Craddock: I really didn’t see it as much of a challenge because again, I try to take that creative approach to music, just in general. So whenever I hear a song, or whenever I hear a vocalist sing a song or something like that, the first thing that comes to mind is: how would this sound on the saxophone? And then how could I change it to make it my own? So I actually—believe it or not, in the production process, I actually found myself having to hold back from changing the songs even more. Because if I had it my way, I would have been a bit more radical with the arrangement. But I realized I had to, I guess, have what I called “controlled creativity.” Be creative with the songs and make it unique and whatnot, but still leave enough of the originality in it so that people recognize it. So I actually wanted to change the songs more. So the creative aspect of it, making the covers my own was the least of my problems.

BBP: Let me ask you this. You mentioned that you want to come out with a sophomore album pretty soon after this one is running its course. Are you working on that now? And if you are, where are you with it? At what point are you at?
Craddock: Right now, I have about four songs. Four original songs composed by me that are pretty much ready to go. I have the ideas down, the melodic concepts, I just need to get into the studio and add instrumentation to it. But I’m looking to add a couple of gospel covers, and maybe a few jazz covers as well to the album. But the album would contain at least half of original content from me. So I’m pretty early in the process because I’m still promoting the Christmas album. But come January, I’ll be going full-force into production of the second album.
BBP: Do you have an ETA on this project? Estimated time of arrival?
Craddock: No sir, I don’t.
BBP: And are you now part of a band? Do you have a regular group of people you perform with?
Craddock: Right now I don’t.
BBP: Are you looking to assemble one? And is it possible that the people who play with you on the album will play out with you? Because I know that a lot of musicians, they do an album and to promote the album they go out and play live.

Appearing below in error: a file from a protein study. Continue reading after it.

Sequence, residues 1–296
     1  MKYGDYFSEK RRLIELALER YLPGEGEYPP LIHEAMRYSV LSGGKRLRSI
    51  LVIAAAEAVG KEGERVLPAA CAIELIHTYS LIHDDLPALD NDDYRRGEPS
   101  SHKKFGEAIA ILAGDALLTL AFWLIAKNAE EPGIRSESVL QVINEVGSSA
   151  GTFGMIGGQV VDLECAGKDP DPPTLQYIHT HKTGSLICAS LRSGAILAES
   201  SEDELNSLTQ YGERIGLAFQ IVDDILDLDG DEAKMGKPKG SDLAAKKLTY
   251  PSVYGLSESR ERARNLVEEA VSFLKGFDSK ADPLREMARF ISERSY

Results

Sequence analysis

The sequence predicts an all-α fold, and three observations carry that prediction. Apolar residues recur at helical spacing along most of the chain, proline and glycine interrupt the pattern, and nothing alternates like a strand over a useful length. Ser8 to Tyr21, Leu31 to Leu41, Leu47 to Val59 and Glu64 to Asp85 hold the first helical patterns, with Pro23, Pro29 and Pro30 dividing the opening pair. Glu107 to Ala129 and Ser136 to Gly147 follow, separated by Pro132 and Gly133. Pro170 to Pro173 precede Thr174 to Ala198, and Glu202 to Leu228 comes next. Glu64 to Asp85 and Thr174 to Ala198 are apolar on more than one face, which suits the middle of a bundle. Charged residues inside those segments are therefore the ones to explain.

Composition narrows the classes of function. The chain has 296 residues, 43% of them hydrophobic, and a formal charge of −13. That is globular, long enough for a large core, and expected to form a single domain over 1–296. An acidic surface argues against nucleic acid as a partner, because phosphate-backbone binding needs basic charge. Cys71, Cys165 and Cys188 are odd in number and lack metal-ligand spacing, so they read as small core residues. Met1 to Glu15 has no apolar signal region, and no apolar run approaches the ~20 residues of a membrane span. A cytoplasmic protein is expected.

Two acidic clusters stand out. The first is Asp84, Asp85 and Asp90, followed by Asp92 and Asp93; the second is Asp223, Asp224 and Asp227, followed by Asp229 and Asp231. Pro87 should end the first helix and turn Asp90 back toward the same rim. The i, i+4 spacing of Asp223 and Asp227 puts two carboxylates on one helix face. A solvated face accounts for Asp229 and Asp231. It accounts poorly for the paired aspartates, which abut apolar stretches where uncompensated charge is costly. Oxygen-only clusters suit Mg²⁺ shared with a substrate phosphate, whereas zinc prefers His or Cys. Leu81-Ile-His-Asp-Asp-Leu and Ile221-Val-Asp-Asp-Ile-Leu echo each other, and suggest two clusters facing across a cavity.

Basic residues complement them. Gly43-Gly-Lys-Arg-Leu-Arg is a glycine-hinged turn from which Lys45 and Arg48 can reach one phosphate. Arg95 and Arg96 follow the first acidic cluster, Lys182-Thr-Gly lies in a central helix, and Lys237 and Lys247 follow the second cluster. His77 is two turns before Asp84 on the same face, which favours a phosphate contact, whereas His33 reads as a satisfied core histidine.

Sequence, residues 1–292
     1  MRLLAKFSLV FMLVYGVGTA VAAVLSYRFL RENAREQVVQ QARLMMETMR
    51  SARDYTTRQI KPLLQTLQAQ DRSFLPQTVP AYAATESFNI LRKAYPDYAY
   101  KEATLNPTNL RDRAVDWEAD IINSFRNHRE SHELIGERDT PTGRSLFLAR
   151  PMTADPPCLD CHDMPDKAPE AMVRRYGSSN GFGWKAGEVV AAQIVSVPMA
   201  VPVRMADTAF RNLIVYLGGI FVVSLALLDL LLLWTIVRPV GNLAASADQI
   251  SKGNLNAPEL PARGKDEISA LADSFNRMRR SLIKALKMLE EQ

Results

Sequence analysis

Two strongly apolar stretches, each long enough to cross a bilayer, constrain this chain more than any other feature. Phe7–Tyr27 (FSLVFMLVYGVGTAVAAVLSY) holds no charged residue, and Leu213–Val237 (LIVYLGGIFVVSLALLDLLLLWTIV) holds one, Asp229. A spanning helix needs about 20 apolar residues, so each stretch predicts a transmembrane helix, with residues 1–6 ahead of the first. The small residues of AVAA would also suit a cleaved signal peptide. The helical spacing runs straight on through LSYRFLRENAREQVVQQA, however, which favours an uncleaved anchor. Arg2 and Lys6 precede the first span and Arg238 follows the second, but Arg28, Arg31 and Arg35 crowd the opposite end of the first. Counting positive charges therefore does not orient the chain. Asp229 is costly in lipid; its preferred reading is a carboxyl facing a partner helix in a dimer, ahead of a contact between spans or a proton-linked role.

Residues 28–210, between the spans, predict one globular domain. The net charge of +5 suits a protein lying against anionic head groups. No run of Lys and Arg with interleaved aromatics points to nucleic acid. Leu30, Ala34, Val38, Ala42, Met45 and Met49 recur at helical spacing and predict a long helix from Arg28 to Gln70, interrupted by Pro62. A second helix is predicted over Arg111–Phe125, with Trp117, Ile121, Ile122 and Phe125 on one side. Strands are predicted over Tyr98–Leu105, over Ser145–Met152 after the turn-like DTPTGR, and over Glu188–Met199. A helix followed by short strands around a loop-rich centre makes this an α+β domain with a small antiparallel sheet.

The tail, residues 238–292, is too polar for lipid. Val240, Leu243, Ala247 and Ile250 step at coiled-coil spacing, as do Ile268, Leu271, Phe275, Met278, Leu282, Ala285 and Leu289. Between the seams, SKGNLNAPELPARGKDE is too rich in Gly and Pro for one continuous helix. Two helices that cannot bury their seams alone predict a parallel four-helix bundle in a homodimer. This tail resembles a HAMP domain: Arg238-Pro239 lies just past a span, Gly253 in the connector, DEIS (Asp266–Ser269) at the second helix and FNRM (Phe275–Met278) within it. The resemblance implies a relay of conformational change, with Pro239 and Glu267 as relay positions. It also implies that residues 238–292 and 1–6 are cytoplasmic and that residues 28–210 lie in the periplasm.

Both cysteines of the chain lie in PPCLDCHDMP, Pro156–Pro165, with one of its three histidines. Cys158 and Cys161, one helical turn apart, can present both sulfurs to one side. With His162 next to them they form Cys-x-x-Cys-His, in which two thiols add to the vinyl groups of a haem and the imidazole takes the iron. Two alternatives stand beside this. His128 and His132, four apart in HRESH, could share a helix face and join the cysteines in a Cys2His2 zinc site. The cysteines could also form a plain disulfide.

Craddock: Correct. I have secured a couple of gigs for next year. I will be using some of the musicians from my album—in addition to other musicians that I have a good rapport with—to tour around the D.C. area. But again, since I am in school, I kind of have to be balanced in how much energy I spend towards music versus school. So if I wasn’t in school I’d definitely throw a hundred percent towards music. But I can only expend so much of my energy towards music because I still have to sustain the educational side of my responsibilities right now.
(He graduates from graduate school in May 2013)
BBP: Your music career as a whole, where would you like to take it? Where would you like to be ten years from now?
Craddock: Ten years from now, I’d definitely like to be a well-respected, hopefully household name, a saxophonist known for having a very smooth melodic easy-going sound, but still a good amount of jazz content, and I’d also like to be known as somebody who is a Christian, and my music will hopefully reflect the inspirational and Christian side of my life.
BBP: I guess that means you want to get out of the D.C. area. What I mean is, that you want to be known outside of Washington….
Craddock: Correct. I want to be known internationally.
BBP: Would you like to get into the Christian music market?
Craddock: I would.
BBP: And that would be something you would do in addition to the smooth jazz market?
Craddock: The way I look at it, I feel like they go hand-in-hand. I think the unique thing about the saxophone, or any instrument that’s not a voice, there’s no words to it. So I feel like inspirational jazz, gospel jazz, smooth jazz, I feel like they can all go hand-in-hand. It’s all about the message behind the music, so I don’t feel like I have to necessarily separate the two. I feel like they’re actually pretty complementary.
BBP: Great! Alright! And remind me of this: which saxophones do you play? The tenor, the alto, the baritone?
Craddock: I play the soprano and alto.
BBP: Soprano and alto, okay. And which one do you like best?
Craddock: I’m actually pretty new to the soprano. I just began playing the soprano about a year ago. So I’m more comfortable on the alto right now. But I do feel like I…I feel like I am slightly favoring the soprano.
BBP: Okay. But you’re more experienced with the alto.
Craddock: I’m more experienced on the alto.
BBP: I see. Okay. And are there possibilities that you see with the soprano—things you can do with it—that you don’t see with the alto? Or is it just a question of being proficient with both expands your range?
Craddock: I think I have equal opportunities with both of them. ..I think the unique thing about the soprano is, the kind of warm romantic tone that you associate with the soprano, almost makes it seem like it’s another instrument. A lot of people don’t even know soprano saxophone is a saxophone because it doesn’t look like one. You know somebody asks me “What saxophone is that?” and I say “the saxophone that Kenny G plays.” And everybody goes “Oh! Oh!” So I feel like the soprano, there are definitely opportunities, because in jazz it’s one of the least used saxophones. Tenor sax is by far the most used and alto is pretty widely used as well. But given that the soprano is one of the more rare saxophones, it has a pretty unique sound. I definitely would like to expand upon that, make it part of my music.

Christmas in the Air is available through CD Baby, iTunes and It's also available on Craddock's Facebook page at: